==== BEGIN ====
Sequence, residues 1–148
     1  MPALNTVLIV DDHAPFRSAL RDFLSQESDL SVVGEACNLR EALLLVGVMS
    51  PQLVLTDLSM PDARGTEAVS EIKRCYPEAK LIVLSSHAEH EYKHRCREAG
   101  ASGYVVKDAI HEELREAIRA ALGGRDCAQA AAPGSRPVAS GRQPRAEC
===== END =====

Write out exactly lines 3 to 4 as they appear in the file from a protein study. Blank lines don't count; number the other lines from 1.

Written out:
    51  PQLVLTDLSM PDARGTEAVS EIKRCYPEAK LIVLSSHAEH EYKHRCREAG
   101  ASGYVVKDAI HEELREAIRA ALGGRDCAQA AAPGSRPVAS GRQPRAEC